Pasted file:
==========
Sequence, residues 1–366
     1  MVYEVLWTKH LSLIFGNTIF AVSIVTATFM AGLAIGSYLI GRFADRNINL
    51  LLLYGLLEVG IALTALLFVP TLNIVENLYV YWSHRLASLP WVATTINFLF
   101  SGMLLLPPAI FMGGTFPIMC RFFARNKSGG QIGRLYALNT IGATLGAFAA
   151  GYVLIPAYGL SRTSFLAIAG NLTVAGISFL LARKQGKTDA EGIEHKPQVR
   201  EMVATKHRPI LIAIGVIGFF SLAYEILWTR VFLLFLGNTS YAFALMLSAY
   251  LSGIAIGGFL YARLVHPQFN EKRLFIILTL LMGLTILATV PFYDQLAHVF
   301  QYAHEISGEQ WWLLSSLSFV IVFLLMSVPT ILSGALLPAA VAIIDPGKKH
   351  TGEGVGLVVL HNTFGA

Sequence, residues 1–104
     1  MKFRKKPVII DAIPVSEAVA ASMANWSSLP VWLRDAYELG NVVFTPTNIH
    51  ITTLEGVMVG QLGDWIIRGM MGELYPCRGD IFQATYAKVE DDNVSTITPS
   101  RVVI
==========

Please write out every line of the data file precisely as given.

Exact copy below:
Sequence, residues 1–366
     1  MVYEVLWTKH LSLIFGNTIF AVSIVTATFM AGLAIGSYLI GRFADRNINL
    51  LLLYGLLEVG IALTALLFVP TLNIVENLYV YWSHRLASLP WVATTINFLF
   101  SGMLLLPPAI FMGGTFPIMC RFFARNKSGG QIGRLYALNT IGATLGAFAA
   151  GYVLIPAYGL SRTSFLAIAG NLTVAGISFL LARKQGKTDA EGIEHKPQVR
   201  EMVATKHRPI LIAIGVIGFF SLAYEILWTR VFLLFLGNTS YAFALMLSAY
   251  LSGIAIGGFL YARLVHPQFN EKRLFIILTL LMGLTILATV PFYDQLAHVF
   301  QYAHEISGEQ WWLLSSLSFV IVFLLMSVPT ILSGALLPAA VAIIDPGKKH
   351  TGEGVGLVVL HNTFGA

Sequence, residues 1–104
     1  MKFRKKPVII DAIPVSEAVA ASMANWSSLP VWLRDAYELG NVVFTPTNIH
    51  ITTLEGVMVG QLGDWIIRGM MGELYPCRGD IFQATYAKVE DDNVSTITPS
   101  RVVI